Plan Your Visit

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Grand Canyon National Park "Plan Your Visit" section has helpful tips about:


Introduction to Grand Canyon National Park
Nearly five million people each year see the 1 mile deep (1.6 km) Grand Canyon each year. The canyon is 277 river miles (446km) long, and up to 18 miles (29km) wide.

Most visitors (90%) see Grand Canyon from the "South Rim" from overlooks accessed by free park shuttle buses or by their personal vehicles.

CA condor photo (courtesy of Steve Mull) and cover of Grand Canyon Trip Planner newspaper.

California condor courtesy of Steve Mull

A much smaller number of people (10%) see the canyon from the North Rim of the park, which lies just 10 miles (16 km) across the canyon from the South Rim, (as the California condor flies) but is a 220 mile/ 354 km drive by car.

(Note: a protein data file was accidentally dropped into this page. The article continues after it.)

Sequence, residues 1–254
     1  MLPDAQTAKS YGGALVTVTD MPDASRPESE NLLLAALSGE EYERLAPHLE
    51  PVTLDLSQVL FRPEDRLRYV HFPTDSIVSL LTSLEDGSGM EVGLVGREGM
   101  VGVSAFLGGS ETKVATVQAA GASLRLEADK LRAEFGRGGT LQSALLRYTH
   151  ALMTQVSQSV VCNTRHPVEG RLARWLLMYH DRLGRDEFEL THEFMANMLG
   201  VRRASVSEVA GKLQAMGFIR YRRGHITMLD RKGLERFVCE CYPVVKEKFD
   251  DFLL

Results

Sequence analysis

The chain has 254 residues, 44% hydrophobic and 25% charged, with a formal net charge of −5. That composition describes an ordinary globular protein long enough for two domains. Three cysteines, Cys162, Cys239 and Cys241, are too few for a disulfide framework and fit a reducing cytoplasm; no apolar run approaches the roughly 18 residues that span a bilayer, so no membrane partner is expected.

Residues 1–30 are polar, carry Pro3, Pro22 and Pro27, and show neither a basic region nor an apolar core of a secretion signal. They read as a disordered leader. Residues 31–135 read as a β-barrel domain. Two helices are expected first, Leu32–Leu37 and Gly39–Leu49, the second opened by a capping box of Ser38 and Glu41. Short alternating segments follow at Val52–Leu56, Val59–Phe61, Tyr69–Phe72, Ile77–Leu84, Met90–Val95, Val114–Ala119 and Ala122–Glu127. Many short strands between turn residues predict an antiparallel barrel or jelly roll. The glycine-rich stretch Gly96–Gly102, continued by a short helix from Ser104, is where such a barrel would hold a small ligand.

Download our Trip Planning "Newspaper" as a PDF file HERE. (Includes information and maps for both rims and the inner canyon.) Translated Versions in 7 languages HERE


View of Grand Canyon from Mather Point on the South Rim.

View from Mather Point on the South Rim.

The South Rim
The South Rim is the most accessible part of the park and it is open all year.

Elevations average 7000 feet (2134 m) above sea level. Driving Directions to the South Rim

The South Rim includes:

The South Rim is open all year. -- Maps---